For all the enthusiasm that greeted the industry at the start of the year, things have quickly soured as a series of headwinds prove difficult to overcome – the most recent of which, could be luxury car taxes at a state level. Never mind the record low interest rates, which make it more affordable than ever to purchase a new car, broader consumer sentiment is near its worst levels for some time.
Total new car sales
During June new car sales declined by a lofty 9.6% versus the corresponding month in 2018. If the headline result wasn’t bad enough, it also translated to the worst June result since 2012, when the market was still coming out the back end of the GFC. In total, 117,817 vehicles were purchased last month, down from 130,300 the year prior. It also marks the 15th month in a row in which sales have posted a relative drop.
Across the first six months of the year, total new car sales are tracking well below the volume sold in the first half of 2018. Last year, sales nudged over 600,000 units in the first two quarters, whereas this year, they are down 8.4% to 554,466 units. At a geographical level, effectively every state and territory has been feeling the pinch, with NSW, Queensland and Victoria worst affected. In Tasmania results showed an increase in sales by one solitary car. That’s right, the only saving grace for the figures was one more car being purchased in Tasmania across the last six months.
New car sales by segment
SUV sales edged closer towards that significant milestone of 50%, with June’s tally accounting for 47.04% (once heavy vehicles are excluded). The strength may seem like a bright spot in an otherwise disappointing field of results, but it’s worth remembering these sales are taking away from other segments. Nevertheless, medium SUVs are the most popular category, accounting for over a third of sales in the SUV segment. Turning to the passenger vehicle segment, and small cars just topped the 50% barrier, which is no surprise given the longstanding trend for this category, buoyed by more affordable cars.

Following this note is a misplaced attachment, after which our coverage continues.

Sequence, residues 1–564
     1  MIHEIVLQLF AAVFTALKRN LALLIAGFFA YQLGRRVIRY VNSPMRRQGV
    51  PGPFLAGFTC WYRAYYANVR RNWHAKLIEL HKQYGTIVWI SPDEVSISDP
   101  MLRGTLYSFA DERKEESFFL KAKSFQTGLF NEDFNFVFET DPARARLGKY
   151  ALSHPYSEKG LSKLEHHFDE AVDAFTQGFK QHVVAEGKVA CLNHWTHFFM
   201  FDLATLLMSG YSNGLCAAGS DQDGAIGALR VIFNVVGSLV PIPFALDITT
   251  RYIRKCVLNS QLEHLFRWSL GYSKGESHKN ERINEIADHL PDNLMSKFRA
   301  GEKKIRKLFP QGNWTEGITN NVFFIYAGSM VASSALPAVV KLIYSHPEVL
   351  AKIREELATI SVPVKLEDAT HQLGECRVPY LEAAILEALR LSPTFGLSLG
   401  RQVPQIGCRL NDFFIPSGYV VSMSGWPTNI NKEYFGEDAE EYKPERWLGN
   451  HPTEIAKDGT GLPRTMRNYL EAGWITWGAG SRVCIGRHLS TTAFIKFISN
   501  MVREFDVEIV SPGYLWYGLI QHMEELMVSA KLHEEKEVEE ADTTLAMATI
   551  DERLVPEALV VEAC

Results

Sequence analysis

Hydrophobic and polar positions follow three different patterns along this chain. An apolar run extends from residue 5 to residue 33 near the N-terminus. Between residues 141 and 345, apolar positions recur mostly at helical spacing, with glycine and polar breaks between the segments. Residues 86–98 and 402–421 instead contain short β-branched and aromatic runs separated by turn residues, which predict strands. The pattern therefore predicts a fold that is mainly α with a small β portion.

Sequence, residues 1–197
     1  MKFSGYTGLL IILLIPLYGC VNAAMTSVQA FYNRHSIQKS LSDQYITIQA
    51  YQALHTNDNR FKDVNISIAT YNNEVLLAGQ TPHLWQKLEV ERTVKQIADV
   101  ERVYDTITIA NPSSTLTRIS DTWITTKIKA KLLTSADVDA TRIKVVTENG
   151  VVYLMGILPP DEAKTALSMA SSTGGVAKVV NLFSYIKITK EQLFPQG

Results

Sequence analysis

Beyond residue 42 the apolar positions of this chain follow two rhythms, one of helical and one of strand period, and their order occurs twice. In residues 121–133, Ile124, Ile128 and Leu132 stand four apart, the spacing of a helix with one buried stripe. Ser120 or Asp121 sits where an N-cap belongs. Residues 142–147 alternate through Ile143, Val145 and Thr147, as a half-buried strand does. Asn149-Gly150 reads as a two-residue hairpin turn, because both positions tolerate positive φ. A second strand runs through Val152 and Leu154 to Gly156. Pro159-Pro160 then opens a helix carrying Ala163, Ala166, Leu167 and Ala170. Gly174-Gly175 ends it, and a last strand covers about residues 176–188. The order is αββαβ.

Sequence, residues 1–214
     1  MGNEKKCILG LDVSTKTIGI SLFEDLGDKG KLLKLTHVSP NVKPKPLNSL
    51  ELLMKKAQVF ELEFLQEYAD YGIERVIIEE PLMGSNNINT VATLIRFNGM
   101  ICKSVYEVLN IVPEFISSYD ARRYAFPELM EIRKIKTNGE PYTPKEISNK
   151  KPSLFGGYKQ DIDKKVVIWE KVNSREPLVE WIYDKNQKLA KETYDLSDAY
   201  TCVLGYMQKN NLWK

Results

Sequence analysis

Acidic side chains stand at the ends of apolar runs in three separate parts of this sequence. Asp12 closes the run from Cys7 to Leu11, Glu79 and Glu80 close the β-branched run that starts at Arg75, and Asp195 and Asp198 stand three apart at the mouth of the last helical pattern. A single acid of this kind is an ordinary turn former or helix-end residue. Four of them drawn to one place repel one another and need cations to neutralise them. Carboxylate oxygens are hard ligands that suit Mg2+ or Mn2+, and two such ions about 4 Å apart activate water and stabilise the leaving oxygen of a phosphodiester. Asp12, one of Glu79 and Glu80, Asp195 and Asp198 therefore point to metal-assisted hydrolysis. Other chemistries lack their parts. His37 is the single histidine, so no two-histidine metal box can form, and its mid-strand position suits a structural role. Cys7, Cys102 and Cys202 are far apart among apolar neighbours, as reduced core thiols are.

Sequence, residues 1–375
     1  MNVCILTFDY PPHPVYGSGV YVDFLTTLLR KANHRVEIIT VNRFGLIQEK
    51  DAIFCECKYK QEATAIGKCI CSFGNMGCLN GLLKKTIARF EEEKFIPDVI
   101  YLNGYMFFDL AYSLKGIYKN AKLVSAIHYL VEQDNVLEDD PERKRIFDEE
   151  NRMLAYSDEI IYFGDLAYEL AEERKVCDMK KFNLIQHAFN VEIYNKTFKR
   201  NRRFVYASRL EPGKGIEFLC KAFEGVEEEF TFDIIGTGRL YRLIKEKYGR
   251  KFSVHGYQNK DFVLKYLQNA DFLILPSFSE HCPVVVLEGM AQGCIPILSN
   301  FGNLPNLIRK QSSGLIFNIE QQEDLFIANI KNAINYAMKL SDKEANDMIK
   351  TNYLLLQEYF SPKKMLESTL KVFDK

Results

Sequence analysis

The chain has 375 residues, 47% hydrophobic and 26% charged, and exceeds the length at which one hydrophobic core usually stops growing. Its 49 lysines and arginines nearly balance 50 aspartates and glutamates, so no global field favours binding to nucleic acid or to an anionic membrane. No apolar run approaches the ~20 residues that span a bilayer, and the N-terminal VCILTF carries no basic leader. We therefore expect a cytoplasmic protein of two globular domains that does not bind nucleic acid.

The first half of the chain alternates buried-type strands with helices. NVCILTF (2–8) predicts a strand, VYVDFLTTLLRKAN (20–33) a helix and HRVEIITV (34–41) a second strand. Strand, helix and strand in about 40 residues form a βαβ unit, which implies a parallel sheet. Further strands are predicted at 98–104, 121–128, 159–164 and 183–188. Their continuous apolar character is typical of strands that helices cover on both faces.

Across the board, most segments faltered during June, however apart from SUVs, which got a lift from new sales of the Nissan Patrol, it was only upper-large passenger vehicles plus vans and busses that showed any sort of growth. Even then, the low-volume rise was led by particular new models that aren’t expected to carry this growth too far into the future.
Finally, for the first half of the year, it was medium SUVs that just edged out 4x4 pick-ups as the top-selling sub-category, posting 88,066 sales versus 87,937. Both were still down on last year though, falling 2.5% and 1.2% respectively.
Stay tuned for Part 2 of our review into new car sales for June 2019, covering vehicle makes and models.